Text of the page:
I often wonder how many people dream of one day owning a restaurant with no prior culinary experience. Judging from shows like Kitchen Nightmares and Restaurant Impossible, quite a few. Owning a restaurant can seem glamorous, and who doesn’t want to invite friends to “your place”. Perhaps then that is why financially successful people often try their hand at owning a restaurant: Justin Timberlake, Mariano Rivera, Darryl Strawberry, Britney Spears….. the list goes on.
What’s the common thread? Mediocrity. Relying on the name of the owner rather than the name of the chef simply isn’t a viable business plan for the long run. As a Jordan fan I visited his namesake steakhouse once, but will I go again for his name? Not really.
Why do I bring this up? Because Pampano is owned by world renown tenor Placido Domingo. The restaurant wasn’t always called Pampano. When the space first opened back in 1996, it was known as, you guessed it, Domingo. From what I read, the Domingo name was the only thing going for it.
In 2003, Domingo brought in good friend, and Mexican food specialist Richard Sandoval to re-launch his restaurant. What Sandoval did first was remove the restaurant’s last bit of glory, the Domingo name, and relaunched the restaurant as Pampano. Gone was the Spanish menu, replaced by coastal Mexican cuisine and lots of fish sculptures on the balcony.
The relaunch worked, and a 2 star New York Times review from Grimes followed. While the combination of Domingo and Sandoval wasn’t successful on the levels of Robert Deniro and Nobu Matsuhisa, the new business partners continued to partner on future restaurant endeavors. Zengo, other locations for Pampano, more Zengo’s.
The count for Chef Sandoval currently stands at 30 restaurants. I quite enjoyed my meal at DohYo, where Sandoval consults. So does he have enough time and passion to still take care of his older establishments?
Pampano recently launched a tasting menu with a sea to table theme. At $50, or $75 with drink pairing, it looks to be quite the deal.
Before the amuse arrives, the waiter delivers a heaping plate of corn chips with guacamole. Setting the tone for what’s to be a very tropical dinner.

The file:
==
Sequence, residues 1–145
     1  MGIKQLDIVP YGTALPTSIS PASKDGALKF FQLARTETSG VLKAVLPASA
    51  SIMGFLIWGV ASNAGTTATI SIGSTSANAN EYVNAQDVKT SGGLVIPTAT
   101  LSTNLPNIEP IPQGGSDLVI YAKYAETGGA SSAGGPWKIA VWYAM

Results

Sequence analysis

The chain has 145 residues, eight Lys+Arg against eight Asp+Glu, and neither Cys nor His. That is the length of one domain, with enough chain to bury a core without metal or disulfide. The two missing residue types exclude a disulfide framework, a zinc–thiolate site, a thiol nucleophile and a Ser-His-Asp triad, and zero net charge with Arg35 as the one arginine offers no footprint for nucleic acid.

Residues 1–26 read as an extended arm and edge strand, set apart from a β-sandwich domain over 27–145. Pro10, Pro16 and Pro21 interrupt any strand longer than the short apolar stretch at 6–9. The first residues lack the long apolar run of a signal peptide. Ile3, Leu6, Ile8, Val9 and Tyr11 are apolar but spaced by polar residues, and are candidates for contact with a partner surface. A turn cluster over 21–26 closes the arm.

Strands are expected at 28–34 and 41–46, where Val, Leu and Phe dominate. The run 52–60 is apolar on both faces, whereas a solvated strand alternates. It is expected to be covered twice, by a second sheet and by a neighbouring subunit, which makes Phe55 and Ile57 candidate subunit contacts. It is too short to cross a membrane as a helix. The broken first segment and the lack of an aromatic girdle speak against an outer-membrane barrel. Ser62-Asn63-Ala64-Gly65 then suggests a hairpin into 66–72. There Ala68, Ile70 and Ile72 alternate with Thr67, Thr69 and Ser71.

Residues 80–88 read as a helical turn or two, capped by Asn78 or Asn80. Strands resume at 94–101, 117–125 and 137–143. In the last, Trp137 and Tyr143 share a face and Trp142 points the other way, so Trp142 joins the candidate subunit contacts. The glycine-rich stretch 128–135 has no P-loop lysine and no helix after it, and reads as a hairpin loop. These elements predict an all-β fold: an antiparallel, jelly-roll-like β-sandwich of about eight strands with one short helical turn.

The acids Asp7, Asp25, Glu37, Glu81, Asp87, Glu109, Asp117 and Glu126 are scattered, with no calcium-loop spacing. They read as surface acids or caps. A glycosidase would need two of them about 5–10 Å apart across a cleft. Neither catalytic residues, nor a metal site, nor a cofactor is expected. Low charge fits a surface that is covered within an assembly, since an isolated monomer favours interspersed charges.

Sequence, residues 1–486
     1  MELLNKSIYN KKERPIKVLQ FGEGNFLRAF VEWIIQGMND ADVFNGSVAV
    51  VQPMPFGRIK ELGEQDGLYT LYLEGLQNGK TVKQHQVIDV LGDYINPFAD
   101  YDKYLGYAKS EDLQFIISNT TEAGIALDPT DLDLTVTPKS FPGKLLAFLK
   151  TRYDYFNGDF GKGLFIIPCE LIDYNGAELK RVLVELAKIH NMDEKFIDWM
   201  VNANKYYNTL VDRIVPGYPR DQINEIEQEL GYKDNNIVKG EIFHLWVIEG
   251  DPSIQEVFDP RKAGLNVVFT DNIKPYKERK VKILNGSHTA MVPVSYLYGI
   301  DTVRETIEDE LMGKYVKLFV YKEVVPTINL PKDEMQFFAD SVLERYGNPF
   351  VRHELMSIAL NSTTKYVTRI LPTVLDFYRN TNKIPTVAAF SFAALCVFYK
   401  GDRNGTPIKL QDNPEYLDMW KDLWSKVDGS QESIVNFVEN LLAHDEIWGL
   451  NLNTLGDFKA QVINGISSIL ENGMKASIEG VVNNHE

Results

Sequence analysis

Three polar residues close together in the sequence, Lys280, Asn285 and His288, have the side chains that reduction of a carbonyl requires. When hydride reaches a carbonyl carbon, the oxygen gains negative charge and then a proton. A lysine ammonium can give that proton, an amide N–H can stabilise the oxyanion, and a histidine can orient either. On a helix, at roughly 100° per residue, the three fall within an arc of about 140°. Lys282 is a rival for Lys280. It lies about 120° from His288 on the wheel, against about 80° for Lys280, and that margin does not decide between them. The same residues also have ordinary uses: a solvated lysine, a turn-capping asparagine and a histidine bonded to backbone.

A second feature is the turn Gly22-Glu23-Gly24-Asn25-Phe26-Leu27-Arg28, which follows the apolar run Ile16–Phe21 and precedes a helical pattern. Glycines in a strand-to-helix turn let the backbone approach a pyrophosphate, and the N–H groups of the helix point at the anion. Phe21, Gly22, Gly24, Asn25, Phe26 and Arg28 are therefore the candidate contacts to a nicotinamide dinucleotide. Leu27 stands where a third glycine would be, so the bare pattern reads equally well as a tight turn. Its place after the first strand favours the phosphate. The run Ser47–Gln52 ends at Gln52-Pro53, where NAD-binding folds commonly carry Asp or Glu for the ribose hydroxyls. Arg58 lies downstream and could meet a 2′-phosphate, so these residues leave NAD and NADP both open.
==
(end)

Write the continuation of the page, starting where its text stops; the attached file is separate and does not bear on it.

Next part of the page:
The amuse was listed first on the menu, why not just call this the first course? The smoked clams with tequila sauce came in a nice serving size, and the smoky flavor really made it extremely memorable. Visually, it was also quite pleasing to look at. With such vibrate colors, you don’t need much plating complexity.
The first official course was called the tuna tamalito, though if it wasn’t for what’s written on the menu, I would not have guessed there was any tuna in either flavor or texture. The cornmeal simply overpowered all the other tastes. The serrano coleslaw also lacked the heat the famous pepper promised.
Bacon wrapped shrimp. You really can’t do this wrong, but it also can’t surprise with this.
The fish on the next dish was dorado, which we know by its more common name mahi-mahi. The tamarind sauce was a bit too sweet for my taste, and I wish the fish could be cooked just more tender.
For dessert, two “fried dumplings” with cheese filling, drizzled with caramel and a scoop of ice cream. A nice balance of taste and originality.
On a weeknight, the restaurant was packed. It seems the midtown crowd really enjoy Chef Sandoval’s take on modern Mexican. It was an enjoyable meal, though I was hoping for a bit more from one of Sandoval’s defining restaurants.
What does this rating mean?
From the notebook: Apologies for the progressively darkening photos, the meal started at dusk and ended into the night. The meal was compliments of the restaurant, though it did not affect my opinion, nor was I required to write about the experience.
Pampano New York (Make a Reservation)
209 E 49th St
New York, NY 10017